• She was concerned that the current terms of the Net Worth Sweep would never allow the GSEs to become solvent and exit conservatorship, and she questioned how the government could justify never allowing repayment of the liquidation preference so that the companies can get back on their feet
  • She opined that Treasury/FHFA placed the GSE’s in a “death grip” and used them as a “piggybank,” comparing government’s actions to “the mob”
  • She opined that a “reasonable investor” would not have expected all profits to be swept to Treasury forever

While these soundbites appear way more constructive than I expected, I caution that the wheels of justice have moved very slowly in these GSE cases. Nevertheless, if the COFC strikes down the government’s motion to dismiss, it will add to the political cover that Mnuchin/Calabria need to do the right thing for shareholders. Stay tuned…

4) One theory as to why the GSEs’ stocks have been so weak is due to the high degree of cross-ownership with two other speculative stocks that are popular among hedge funds: California utility PG&E (PCG) and satellite company Intelsat (I), which have both gotten obliterated recently.

Here’s an article about the latest developments regarding the latter: Intelsat’s stock sinks again as Congress looks to ‘rake’ in revenue from 5G spectrum auction. Excerpt:

Shares of Intelsat S.A. continued to plummet to earth on heavy volume after the U.S. Federal Communications Commission’s decision to move forward with a public auction of new 5G spectrum prompted what was essentially a Congressional money grab.

Intelsat dropped 24.2% to $6.09, the lowest close since April 2018. Trading volume swelled to 35.8 million shares, compared with the full-day average of about 6.8 million shares.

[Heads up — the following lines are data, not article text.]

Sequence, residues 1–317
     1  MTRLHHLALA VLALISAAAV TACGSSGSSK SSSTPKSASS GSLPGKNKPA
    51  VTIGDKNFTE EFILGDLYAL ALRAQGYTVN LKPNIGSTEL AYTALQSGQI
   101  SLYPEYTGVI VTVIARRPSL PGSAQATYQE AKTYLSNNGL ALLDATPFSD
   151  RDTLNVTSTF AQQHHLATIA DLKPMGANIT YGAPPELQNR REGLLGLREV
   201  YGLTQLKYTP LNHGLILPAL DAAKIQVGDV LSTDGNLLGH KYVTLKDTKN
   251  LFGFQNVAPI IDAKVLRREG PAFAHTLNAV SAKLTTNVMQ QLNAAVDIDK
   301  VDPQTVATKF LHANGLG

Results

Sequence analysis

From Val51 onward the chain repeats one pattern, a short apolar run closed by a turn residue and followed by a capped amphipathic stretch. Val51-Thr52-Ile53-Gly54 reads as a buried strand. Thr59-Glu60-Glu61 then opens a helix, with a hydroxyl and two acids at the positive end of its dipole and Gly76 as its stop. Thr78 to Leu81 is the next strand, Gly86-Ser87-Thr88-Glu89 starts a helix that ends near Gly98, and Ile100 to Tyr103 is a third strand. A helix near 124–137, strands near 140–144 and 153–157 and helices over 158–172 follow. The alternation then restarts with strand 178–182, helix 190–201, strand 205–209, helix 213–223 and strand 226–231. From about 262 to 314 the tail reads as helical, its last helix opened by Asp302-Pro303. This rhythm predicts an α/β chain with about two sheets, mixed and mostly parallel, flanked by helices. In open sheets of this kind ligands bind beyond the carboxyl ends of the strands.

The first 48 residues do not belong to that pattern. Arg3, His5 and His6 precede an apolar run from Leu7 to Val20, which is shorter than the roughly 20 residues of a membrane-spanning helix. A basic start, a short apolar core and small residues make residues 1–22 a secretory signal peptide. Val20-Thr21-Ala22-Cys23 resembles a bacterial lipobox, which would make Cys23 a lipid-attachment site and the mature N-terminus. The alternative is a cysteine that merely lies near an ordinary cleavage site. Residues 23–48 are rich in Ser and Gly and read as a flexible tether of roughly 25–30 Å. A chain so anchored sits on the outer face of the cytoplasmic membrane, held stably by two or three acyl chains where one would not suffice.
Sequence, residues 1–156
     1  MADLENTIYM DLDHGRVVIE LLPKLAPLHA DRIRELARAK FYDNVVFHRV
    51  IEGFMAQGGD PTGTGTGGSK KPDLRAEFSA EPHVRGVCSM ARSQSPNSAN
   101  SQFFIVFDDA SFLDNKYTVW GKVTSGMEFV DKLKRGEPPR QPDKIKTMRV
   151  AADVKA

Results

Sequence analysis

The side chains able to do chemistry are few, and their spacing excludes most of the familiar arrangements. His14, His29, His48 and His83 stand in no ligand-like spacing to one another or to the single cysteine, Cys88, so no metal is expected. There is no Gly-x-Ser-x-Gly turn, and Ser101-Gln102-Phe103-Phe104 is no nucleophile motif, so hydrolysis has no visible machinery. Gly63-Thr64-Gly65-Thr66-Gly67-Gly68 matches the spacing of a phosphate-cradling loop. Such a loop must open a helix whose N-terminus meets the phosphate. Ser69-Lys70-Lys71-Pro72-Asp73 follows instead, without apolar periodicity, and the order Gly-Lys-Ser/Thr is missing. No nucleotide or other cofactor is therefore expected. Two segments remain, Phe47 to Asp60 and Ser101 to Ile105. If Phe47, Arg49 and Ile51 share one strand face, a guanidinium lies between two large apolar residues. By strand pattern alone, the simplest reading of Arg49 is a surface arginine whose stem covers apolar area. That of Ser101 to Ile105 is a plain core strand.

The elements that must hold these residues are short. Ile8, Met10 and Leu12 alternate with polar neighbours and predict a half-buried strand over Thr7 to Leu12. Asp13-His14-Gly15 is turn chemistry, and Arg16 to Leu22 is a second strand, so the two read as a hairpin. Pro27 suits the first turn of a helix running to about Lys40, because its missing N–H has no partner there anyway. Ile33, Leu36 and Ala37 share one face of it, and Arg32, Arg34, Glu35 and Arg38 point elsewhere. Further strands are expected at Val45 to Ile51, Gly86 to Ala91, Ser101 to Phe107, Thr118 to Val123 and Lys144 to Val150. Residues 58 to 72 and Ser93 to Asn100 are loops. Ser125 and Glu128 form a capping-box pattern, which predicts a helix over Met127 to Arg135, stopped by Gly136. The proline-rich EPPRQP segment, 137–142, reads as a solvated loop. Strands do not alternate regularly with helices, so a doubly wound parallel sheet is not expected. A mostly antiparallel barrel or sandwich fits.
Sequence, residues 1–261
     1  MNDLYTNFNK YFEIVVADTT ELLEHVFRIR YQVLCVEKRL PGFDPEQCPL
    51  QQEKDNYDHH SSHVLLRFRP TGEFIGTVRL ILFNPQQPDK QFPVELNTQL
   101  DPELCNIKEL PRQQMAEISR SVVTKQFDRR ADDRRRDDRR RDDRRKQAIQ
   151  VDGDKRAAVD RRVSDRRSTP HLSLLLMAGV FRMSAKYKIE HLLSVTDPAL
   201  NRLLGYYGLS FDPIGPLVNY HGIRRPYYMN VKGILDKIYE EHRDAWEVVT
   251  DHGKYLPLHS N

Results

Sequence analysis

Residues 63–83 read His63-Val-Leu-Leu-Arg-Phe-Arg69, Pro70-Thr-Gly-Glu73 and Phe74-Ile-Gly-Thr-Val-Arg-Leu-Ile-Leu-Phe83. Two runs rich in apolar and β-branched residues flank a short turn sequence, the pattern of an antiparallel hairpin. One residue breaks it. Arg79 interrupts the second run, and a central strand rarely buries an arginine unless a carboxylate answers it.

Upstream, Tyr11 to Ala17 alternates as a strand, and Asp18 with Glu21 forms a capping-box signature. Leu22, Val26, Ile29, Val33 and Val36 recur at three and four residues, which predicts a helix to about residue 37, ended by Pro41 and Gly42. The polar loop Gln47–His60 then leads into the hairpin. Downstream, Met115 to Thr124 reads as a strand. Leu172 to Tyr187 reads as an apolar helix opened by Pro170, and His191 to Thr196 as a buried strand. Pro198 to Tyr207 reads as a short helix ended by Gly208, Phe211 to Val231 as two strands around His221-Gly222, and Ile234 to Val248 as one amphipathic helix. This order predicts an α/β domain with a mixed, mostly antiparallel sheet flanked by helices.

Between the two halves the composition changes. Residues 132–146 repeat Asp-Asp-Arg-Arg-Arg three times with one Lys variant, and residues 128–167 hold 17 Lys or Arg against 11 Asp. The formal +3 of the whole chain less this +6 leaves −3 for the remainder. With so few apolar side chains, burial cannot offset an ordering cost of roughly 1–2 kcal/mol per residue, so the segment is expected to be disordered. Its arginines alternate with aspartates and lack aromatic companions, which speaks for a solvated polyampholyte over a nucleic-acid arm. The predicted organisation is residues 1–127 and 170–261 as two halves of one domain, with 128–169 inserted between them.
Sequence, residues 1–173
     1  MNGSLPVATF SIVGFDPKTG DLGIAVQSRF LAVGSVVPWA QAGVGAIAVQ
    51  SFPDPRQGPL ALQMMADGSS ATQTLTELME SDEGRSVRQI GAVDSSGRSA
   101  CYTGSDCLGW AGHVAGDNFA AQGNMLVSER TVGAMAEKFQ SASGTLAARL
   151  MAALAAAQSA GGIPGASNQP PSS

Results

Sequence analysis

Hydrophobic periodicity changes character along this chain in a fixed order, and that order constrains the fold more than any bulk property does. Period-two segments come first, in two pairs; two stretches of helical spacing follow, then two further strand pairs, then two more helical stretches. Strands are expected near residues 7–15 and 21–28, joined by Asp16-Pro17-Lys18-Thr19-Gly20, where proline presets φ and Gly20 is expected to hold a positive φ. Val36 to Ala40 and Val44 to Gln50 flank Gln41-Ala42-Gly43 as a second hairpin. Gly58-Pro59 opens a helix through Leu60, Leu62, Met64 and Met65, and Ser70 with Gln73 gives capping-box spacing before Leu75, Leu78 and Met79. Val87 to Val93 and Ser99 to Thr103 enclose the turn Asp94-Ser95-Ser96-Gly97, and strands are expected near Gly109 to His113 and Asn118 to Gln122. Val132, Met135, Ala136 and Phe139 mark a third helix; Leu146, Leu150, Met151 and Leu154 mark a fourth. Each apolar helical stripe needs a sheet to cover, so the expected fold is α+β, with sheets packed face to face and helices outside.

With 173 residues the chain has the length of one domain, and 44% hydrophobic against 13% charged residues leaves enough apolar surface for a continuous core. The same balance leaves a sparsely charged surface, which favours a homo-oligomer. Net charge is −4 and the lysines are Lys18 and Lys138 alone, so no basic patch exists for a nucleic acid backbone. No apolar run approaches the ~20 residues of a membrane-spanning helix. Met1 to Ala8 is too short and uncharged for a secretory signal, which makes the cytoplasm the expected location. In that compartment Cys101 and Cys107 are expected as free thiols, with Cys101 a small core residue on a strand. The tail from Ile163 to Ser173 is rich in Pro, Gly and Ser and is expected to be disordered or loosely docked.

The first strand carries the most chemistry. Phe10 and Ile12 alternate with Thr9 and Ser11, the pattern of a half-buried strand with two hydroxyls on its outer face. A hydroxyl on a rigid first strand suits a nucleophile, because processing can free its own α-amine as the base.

The selloff comes one day after a 40.1% plunge on 56.1 million shares, which was the stock’s biggest-ever one-day decline, and five days after the second-largest drop of 29.2% on 29.7 million shares, which came amid growing concerns over a negative regulatory decision.

5) I recently encountered a guy who’s a real a**hole, which got me thinking…

Most folks have to deal with such people in their lives – like a boss or relative (or even a spouse, if one really marries badly and/or is super unlucky!).

But I don’t.

I’ve given it real thought and can’t think of a single person of note in my life who I consider to be an a**hole.

I think there are a few reasons for this:

  • I’ve had an astounding amount of luck in my life, for which I am grateful for every day.
  • I treat people well. (Funny how if you’re nice to people, they tend to reciprocate.)
  • I’ve had enough success that I haven’t had a boss in 20 years and am financially secure. I’m not crazy-rich like many of the folks around me in the investment industry and on Manhattan’s Upper East Side of Manhattan – the wealthiest Census tract in the U.S. – but I do have “f**k you money,” and
  • I’m ruthless about cutting jerks out of my life. If someone shows you their true colors – and you don’t absolutely have to deal with them – then don’t! It takes almost no effort to block someone’s phone number, e-mail address, and social media accounts. I don’t do it often, but I just did so to someone yesterday, and it feels good to have removed that element of stress from my life.

Best regards,

Whitney

Whitney Tilson

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About Whitney Tilson

Prior to creating Empire Financial Research, Whitney Tilson founded and ran Kase Capital Management, which managed three value-oriented hedge funds and two mutual funds. Starting out of his bedroom with only $1 million, Tilson grew assets under management to nearly $200 million.

Tilson graduated magna cum laude from Harvard College with a bachelor's degree in government in 1989. After college, he helped Wendy Kopp launch Teach for America and then spent two years as a consultant at the Boston Consulting Group. He earned his MBA from Harvard Business School in 1994, where he graduated in the top 5% of his class and was named a Baker Scholar.